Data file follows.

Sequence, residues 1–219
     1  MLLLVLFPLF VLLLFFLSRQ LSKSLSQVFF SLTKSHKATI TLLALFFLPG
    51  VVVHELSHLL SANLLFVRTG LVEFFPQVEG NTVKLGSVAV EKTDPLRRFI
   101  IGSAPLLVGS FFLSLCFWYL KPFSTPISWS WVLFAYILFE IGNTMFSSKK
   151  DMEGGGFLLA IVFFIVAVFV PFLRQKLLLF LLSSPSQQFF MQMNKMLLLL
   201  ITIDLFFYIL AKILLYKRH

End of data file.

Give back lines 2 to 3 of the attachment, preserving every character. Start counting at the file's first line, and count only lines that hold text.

     1  MLLLVLFPLF VLLLFFLSRQ LSKSLSQVFF SLTKSHKATI TLLALFFLPG
    51  VVVHELSHLL SANLLFVRTG LVEFFPQVEG NTVKLGSVAV EKTDPLRRFI